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Bream, estuary perch dominating system
  |  First Published: August 2012



It’s August, it’s winter, both water and land temperatures are icy and fishing is very hard at the moment. However spring is just around the corner and expectations are high; for now anglers must work hard for their rewards and they are there to be had.

The Bega River is probably the number one place to fish with bream and estuary perch dominating the system. There are many shallow gravel areas where bream like to hang out especially up around the entrance to Blackfellows Lake. These fish can be seen moving over the shallows as they fossick for shrimp, worms and many other river delicacies.

A well placed lure will often attract their attention with the bigger schools more likely to produce a strike. Schooling fish may compact to try and attack the lure while lone fish may not be as frantic. Either way, you can expect to make many casts.

If bait fishing simply locate the fish, make good long casts with baits like nippers, prawns or worms and sit back and wait. A temperature gauge is good here because a few degrees rise may be the difference in finding fish or not.

The deeper sections along the rock walls are harbouring a few estuary perch. Find them on the sounder and work them over with soft plastics or blades bounced along the bottom. Again plenty of persistence is needed to produce a result. All it might take as a tide change or a temperature rise to bring them on the chew.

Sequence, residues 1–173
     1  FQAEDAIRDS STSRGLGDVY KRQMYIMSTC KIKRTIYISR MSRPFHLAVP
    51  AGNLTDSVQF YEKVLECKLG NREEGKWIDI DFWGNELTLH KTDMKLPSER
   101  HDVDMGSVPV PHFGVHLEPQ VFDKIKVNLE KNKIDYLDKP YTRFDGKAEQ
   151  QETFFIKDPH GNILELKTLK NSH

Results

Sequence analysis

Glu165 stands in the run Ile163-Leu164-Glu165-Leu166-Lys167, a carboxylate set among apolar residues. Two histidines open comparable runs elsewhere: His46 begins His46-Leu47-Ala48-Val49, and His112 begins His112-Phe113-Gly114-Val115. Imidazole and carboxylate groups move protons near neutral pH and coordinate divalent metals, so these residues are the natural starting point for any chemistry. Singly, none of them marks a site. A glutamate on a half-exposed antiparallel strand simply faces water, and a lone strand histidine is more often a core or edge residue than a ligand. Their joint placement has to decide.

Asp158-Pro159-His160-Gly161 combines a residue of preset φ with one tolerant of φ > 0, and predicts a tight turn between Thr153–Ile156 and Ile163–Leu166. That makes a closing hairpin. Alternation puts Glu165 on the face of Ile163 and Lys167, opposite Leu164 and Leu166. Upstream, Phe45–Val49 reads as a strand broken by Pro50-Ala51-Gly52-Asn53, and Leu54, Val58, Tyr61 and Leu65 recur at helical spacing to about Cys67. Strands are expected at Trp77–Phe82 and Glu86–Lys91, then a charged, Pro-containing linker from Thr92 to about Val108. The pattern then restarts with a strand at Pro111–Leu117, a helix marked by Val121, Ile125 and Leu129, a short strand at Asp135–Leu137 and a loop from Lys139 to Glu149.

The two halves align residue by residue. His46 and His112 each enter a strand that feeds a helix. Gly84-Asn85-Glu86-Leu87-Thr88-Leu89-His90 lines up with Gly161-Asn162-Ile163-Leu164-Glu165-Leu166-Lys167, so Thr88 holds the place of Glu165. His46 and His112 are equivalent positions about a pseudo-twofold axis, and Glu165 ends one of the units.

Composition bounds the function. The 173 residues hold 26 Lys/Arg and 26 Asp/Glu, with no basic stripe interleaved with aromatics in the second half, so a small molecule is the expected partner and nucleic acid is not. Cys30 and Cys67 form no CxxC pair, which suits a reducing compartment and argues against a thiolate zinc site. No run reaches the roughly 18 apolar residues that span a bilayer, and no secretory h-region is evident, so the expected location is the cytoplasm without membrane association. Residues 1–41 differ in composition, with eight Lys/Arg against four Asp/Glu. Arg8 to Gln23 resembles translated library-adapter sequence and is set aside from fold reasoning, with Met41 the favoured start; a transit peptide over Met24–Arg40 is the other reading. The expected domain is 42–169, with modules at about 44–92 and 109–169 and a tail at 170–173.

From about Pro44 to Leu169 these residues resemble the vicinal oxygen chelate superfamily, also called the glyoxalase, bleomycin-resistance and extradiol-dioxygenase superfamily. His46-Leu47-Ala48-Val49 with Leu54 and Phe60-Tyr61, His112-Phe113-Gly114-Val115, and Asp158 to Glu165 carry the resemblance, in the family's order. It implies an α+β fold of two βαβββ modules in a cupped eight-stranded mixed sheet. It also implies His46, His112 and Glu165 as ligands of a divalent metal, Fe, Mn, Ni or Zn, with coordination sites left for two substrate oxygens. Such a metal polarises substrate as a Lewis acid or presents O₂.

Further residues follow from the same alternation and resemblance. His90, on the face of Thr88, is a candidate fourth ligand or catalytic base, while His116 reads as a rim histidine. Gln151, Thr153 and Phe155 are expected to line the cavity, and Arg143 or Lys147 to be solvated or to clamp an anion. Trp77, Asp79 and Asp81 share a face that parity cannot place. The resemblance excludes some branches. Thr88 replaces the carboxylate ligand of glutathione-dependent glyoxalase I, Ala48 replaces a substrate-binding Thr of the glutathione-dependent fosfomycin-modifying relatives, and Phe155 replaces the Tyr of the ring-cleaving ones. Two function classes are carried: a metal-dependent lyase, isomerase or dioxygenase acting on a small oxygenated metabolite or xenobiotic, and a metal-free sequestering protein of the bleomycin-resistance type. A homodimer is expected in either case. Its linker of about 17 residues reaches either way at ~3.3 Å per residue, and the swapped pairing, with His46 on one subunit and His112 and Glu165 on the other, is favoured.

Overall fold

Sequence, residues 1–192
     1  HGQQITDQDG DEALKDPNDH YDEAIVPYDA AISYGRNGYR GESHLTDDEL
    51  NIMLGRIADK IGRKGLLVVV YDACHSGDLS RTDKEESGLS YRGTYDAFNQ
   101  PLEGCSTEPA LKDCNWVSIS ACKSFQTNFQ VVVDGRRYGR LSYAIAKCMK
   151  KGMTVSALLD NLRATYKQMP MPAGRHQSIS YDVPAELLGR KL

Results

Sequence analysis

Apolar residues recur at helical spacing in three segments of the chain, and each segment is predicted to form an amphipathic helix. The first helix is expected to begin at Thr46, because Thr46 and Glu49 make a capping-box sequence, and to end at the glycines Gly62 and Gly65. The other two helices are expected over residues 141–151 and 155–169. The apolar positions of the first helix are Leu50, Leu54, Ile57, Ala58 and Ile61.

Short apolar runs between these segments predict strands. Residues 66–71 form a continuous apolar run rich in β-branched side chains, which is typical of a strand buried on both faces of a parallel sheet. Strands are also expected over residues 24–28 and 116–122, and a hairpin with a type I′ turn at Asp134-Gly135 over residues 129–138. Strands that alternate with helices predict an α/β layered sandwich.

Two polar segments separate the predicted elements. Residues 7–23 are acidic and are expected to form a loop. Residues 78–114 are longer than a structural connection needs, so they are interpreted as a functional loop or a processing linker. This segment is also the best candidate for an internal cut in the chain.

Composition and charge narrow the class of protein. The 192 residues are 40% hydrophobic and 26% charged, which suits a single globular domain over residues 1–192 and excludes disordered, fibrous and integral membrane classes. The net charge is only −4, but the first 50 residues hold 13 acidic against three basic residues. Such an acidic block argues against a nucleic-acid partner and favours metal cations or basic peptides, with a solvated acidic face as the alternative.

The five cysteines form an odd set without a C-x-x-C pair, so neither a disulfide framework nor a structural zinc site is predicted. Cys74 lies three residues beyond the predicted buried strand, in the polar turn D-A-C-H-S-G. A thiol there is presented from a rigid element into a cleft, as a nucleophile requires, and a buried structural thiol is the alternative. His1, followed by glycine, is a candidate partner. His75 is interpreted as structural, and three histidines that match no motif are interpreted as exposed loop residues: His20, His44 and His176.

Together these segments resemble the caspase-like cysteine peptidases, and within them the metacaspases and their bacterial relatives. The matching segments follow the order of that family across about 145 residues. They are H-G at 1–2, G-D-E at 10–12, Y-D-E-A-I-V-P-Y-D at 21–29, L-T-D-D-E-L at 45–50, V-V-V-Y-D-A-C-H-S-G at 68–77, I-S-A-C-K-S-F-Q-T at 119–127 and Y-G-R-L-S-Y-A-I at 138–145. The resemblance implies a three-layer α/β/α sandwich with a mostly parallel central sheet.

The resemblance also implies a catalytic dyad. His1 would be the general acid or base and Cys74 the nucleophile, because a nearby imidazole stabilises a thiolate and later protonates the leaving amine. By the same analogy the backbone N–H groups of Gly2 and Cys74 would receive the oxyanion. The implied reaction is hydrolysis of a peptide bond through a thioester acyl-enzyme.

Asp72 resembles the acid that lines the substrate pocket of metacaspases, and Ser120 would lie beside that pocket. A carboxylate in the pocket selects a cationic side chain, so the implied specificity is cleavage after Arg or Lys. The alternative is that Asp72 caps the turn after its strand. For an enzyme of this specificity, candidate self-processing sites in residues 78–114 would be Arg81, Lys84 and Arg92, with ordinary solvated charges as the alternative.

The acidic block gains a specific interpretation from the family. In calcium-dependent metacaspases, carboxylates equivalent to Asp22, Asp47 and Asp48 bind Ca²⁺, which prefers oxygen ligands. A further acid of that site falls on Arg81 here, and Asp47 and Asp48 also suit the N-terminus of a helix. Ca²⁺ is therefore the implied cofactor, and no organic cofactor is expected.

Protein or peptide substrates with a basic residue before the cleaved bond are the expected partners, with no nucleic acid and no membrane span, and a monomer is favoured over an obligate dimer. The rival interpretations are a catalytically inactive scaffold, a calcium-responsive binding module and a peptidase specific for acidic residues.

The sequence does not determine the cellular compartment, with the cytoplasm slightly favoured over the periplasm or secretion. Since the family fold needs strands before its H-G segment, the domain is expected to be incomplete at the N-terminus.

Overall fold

You may find yourself catching a lot of tailor while targeting the EP. There has also been the odd nice dusky, jewfish and silver trevally appearing at the end lines.

Luderick are present around the rock walls and bridge pylons though you may have to revert back to baits like green or cabbage weed under a float.

Float fishing from the rocky coast surrounding Tathra is a good way to target a host of fish species. Garfish are a winter specialty, with some tuna oil mixed with fish frames as berley often attracting them in good numbers. A small hook baited with pieces of prawn cast out under a small float is all that is required to gain a feed of tasty fish.

The berley will attract other species in the form of trevally, bream, salmon, tailor or baitfish like yellowtail that can be used in future trips.

Drummer are also prolific off the stones at present especially late in the afternoon when the shadows creep across the water. Mixing with them are some quality luderick and a groper or two.

For easier access the local wharf will hold most of these species just mentioned with a few additions like passing schools of salmon and tailor, a flathead or two and some lovely calamari.

Lots of those tailor and salmon are frequenting the beaches providing some great action. Grab a light spin stick, a few lures and use the westerly winds at your back to target these fish – it is so much fun. For those brave enough to fish the beaches of a night are being rewarded with some lovely gummy and whaler sharks and the occasional jewfish.

For the boaties going to sea, don’t expect anything outstanding, especially on the game front. There may be a few bluefin tuna still lingering and the odd mako or blue shark, but nothing in abundance. If you are set up for deep water fishing with electronic reels you may like to target fish like hapuka, ling, cod and blue eye trevalla out wide over the Continental Shelf.

Your best option is either reef or bottom fishing in varying depths for fish like snapper, nannygai, ocean perch, morwong, red gurnard, flathead, gummy and school shark.

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